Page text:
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Herdsmen will fight to the death if farmers confront them

29 November 2021
Reading time: 3 minutes

Farmer-herder conflicts, which used to be most prevalent in southern Nigeria, are now becoming more common in Borno State in the northeast.

Once the sedentary farmers have planted their seeds, nomadic herdsmens’ livestock trample through their farms and eat up their crops. And that’s when the conflict starts.

Farmer Bukar Balu told RNI reporter Amina Abbagana that the Fulani herders’ livestock had destroyed his crops.

“I planted five to six bowls of beans but the herdsmen spoiled them. We may have to be patient because, if we talk to them, they shoot at us with their bows and arrows. I know of they killed one farmer on his land.”

Mamman Usman, also a farmer, said: “We thanked God for this year’s harvest. But the biggest problem we have are the herders. Their livestock eat our crops. And many farmers have been injured, some even killed. The herdsmen are stronger than us.”

He said in past years he would harvest 50 bags of crops but now he was lucky if he got three to four bags.

“We do not have any problems with Boko Haram because they leave us to do our farming and the soldiers allow us to farm. The herdsmen are our biggest problem. They will fight to the death if we confront them.”

Usman said the herders were nomadic and wandered around Kukawa, a town and local government area in Borno, close to Lake Chad.

He said he was angry because neither the government nor the traditional leaders were taking the necessary action to stop the herdsmen from attacking the farmers and destroying their crops.

“We depend on our farms for our livelihood.”

ReliefWeb, a humanitarian information service provided by the United Nations Office for the Coordination of Humanitarian Affairs (OCHA) said in study published on November 3 that farmer-herder conflicts had spread across Nigeria and had resulted in indiscriminate and avoidable loss of lives and properties.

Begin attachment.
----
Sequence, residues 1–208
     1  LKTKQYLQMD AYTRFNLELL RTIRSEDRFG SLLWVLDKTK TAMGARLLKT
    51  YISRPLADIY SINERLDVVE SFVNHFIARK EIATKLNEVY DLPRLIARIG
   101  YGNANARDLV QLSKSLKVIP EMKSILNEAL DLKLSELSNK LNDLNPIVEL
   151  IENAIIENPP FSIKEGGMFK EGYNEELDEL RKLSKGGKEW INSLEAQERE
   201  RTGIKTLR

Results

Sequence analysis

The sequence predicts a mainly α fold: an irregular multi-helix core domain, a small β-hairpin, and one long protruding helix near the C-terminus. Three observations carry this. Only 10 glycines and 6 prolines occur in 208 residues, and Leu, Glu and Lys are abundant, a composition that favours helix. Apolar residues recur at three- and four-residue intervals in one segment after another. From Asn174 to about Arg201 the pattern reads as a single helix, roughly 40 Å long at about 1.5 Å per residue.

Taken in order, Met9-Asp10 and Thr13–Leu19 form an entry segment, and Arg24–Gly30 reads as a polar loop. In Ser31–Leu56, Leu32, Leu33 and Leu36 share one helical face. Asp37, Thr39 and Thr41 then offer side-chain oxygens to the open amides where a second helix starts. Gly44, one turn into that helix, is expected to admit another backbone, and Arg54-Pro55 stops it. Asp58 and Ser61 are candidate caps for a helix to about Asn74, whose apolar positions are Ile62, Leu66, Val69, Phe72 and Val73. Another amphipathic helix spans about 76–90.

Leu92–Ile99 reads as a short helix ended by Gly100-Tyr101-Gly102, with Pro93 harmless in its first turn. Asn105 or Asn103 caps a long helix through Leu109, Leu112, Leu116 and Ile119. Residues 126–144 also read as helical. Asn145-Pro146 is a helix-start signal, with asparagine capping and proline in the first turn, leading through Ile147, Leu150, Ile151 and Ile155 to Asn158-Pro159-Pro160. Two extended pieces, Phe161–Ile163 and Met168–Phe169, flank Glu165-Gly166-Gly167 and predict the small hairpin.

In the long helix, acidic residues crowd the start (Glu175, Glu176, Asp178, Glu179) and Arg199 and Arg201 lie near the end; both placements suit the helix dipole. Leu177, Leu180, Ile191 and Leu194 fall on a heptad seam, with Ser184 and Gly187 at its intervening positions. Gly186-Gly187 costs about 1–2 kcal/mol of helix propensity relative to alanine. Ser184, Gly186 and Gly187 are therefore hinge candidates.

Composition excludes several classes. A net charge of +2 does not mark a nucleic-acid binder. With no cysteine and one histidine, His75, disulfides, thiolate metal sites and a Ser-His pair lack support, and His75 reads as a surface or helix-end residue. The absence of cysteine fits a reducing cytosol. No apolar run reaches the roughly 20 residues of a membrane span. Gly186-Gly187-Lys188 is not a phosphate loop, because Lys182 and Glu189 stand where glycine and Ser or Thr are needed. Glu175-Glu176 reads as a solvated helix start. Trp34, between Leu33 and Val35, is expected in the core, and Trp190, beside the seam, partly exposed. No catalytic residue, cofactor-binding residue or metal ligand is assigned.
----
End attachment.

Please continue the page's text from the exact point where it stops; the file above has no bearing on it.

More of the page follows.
It said that data from Nextier SPD Violent Conflict Database13 showed that in the 12 months to September 2021, farmer-herder conflicts occurred 71 times, accounting for 406 deaths, 49 injured and 15 kidnapped persons. Except for one death, all the victims were civilians.

“Climate change is arguably the major cause of farmer-herder conflicts. In the northern region, desertification and inadequate rainfall have led to shrinking grazing lands and scarcity of water.”

As a result, herders migrated in search of forage and water.

Poor agronomic practices – by both the farmers and herders – increased the need for land. As farmlands became nutrient-poor, farmers migrated to more fertile lands. Some of the most fertile lands were on designated cattle routes fertilised for generations by cattle droppings.

“Some of the farmers lay traditional claims to these lands, oblivious that they were designated cattle routes by the government. On the other hand, herders also claim these paths because they have travelled them, with their cattle, for generations. Significant increases in human and livestock populations exert pressure on available lands and put both parties on a collision course,” ReliefWeb said.

“Any perceived threat to a herdsman or farmer’s livelihood is a call to war. To the nomad, life is worthless without the cattle. Any threat to this source of existence is reciprocated with sufficient force. Encroachment of the grazing fields by the farmer is a call to war. Likewise, most farmers live below the subsistence level and any perceived affront to their means of livelihood elicits an equally severe response. Farmers perceive a threat to their livelihood when cattle trample through their farms and eat up their crops.”



About the author

Hussaini Adamu